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How Black Culture Taught Me What It Means To Be Jewish

On Tuesday, September 26th — in front of my most intimate friends and a handful of random Brooklynites who thought “sure, I’ll go” — I will finally become a Bat Mitzvah girl at the age of 26. Under Littlefield Brooklyn’s brazen lights, this proud queer/power Jewess will cascade into womanhood at “Rachel and Rachel’s Queer/Black Bat Mitzvah,” a show that pays homage to my Jewish heritage the only way I’ve ever known how, with a full appreciation for black American culture.

Growing up in Chicago I was usually the only Jewish kid in predominantly black spaces, and I was heavily influenced by my peers, to say the least. Imagine eleven year old me: 4 foot 9, weighing in at over 100 pounds because kinahora “the girl could eat,” as my grandma would say, and wearing a blue jean Rocawear “fit” that I’d found in the boy’s section at Marshalls. If I was lucky, my hair was done up in an elaborate, four-day-too-old, corn-rowed updo (courtesy of my hairdresser mom) that was at this point probably frizzy and smelling like a belly button because that’s the price white girls pay for appropriating black hair styles. For young Rachel Joravsky this is what a Jewish kid looked like. And boy did I love to rep my Jews, especially when answering that uncomfortable question kids ask so often: “what are you?”

What was I? Incredibly confused about my sense of identity, for one. And problematically, still white, for two. White was the butt of almost all the jokes my friends made. White was an aggressive inability to dance on beat. White was loving Tabasco hot sauce — the red kind! Nothing seemed worse than being white. But I was, and so, black culture would never belong to me. I clung to Judaism — my ticket to otherness — which was both unequivocally mine and foreign to me despite the fact that shtetl blood coursed through my veins from both sides of my family.

It took chutzpah, flaunting my Jewish heritage the way I did, while at the same time knowing very little about the religion itself. When my friends would make fun of white people and then, remembering my presence, throw me a quick and half-hearted “no offense,” I’d shake it off. After all, I wasn’t really white, I was Jewish. This assertion was rightfully met with blank stares. Oh, if today’s gate keepers of identity politics could’ve seen me then. This young Jewish girl escaping whiteness via Jewishness and with a head full of cornrows at that! They’d likely cast me away into the pits of identity politics purgatory, which I imagine is an eternity spent in a social/cultural analysis class offered through some private university that charges $80,000 a year.

But unfortunately for young Rachel, the fact that Jews can be white and enjoy all the privileges that come along with it was not a lesson I’d learn for a few years. And so in the meantime, I’d start the clunky process of explaining to my peers how exactly being Jewish was different from being white.

My friends: “Jewish? Like the guys with the sideburns in Rogers Park.”

Me: “Yeah, but not EXACTLY like not that.”

My friend: “But aren’t they white too?”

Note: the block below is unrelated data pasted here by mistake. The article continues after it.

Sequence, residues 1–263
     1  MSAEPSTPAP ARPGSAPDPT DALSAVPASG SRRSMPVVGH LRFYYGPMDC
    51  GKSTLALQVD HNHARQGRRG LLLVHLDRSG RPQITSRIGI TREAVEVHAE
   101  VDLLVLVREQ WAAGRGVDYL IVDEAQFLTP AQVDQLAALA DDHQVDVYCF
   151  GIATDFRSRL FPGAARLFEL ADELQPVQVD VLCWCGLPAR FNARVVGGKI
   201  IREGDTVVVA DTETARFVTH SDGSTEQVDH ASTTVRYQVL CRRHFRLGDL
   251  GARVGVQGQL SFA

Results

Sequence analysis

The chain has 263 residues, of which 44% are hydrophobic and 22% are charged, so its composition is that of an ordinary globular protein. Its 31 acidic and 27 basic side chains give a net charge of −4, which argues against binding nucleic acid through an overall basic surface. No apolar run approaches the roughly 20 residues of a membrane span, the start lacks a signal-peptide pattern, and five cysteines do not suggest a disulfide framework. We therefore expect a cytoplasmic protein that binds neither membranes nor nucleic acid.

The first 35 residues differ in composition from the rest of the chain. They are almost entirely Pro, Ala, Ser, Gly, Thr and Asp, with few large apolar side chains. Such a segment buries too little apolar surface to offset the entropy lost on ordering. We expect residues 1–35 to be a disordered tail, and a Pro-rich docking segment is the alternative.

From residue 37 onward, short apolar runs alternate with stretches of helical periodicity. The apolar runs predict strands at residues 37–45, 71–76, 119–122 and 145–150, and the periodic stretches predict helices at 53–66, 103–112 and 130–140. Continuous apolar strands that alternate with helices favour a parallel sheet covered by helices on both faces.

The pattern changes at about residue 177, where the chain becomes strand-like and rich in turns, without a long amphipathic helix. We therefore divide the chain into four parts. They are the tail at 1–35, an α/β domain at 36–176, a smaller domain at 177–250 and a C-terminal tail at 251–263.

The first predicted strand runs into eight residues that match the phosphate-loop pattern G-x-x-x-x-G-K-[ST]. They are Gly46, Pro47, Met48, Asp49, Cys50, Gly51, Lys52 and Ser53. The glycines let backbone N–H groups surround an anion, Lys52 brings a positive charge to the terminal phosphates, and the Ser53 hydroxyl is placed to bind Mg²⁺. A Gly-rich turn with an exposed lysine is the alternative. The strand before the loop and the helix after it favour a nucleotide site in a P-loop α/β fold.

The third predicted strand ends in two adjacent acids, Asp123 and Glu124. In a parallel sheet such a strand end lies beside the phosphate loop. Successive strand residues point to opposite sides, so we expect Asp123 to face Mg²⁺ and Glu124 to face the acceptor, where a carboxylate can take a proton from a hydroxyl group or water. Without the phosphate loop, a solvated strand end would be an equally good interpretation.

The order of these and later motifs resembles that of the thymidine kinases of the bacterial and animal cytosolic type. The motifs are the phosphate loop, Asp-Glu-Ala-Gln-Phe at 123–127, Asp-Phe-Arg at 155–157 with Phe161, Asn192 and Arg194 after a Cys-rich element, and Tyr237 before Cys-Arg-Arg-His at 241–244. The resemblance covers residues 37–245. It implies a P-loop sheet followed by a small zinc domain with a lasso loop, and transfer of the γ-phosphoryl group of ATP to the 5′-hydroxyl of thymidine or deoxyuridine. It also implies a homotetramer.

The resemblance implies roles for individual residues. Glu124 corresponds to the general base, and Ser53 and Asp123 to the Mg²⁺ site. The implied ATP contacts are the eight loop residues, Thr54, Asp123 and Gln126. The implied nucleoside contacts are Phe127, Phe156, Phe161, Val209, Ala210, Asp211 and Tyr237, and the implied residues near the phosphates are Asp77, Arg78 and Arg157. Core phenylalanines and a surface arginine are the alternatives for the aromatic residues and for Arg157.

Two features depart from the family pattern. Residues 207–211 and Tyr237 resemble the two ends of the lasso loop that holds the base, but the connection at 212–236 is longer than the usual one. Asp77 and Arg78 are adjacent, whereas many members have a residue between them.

Me: “It’s different.”

My friends: “Damn so does your family have a lot of money?”

Me: “Hell no, we don’t even have cable! I gotta watch “That’s So Raven” at my grandma’s house.”

At these times, when I was momentarily elevated to the Judaic level of rabbi, I began to consider exactly what it meant to be Jewish. According to my father, it meant always running a few minutes late and talking about your next meal while you are still eating the one that’s in front of you. But how much of this was actual Judaism and how much of it was the culture of my family? Was I Jewish enough? I couldn’t read Hebrew, I’d never been to Israel, and I’d spent a grand total of about four hours a year in temple during the high holidays — an experience dominated by me waiting for my mom to give me and my sister the green light to flee services during the mourner’s kaddish, and roll down the grassy hill outside the synagogue.

Yet even with my very unorthodox form of Judaism, I came to feel a distinct pride in being Jewish. While this pride came partly from watching my own family perform the at times arduous task of showing up as Jews in a gentile world every day, it was equally cultivated by the abundant black pride my friends had for their own culture. I was energized and inspired by the perseverance that pulses through Black America. I noticed it when I bumped Kanye’s “College Dropout” in my room, or studied (and attempted to master) the Harlem Shake from early Youtube videos. This perseverance can be defined as a determination to exist, and it comes from being a minority fighting for recognition in a society that doesn’t view you as the status quo. To me this is exactly that it means to be a Jew.

So as I stand on the brink of my 26th birthday where I will take to the faux bimah in a comedy show that honors both the culture I was born into and one that I have reveled in from the sidelines for my entire life, I have to give credit where credit is due and thank Black America for teaching this Jew to be a prideful one.

“Rachel and Rachel’s Queer/Black Bat Mitzvah will be performed at the Littlefield Performance + Art Space on 635 Sackett Street in Brooklyn on Tuesday, September 26 at 7:30 PM.


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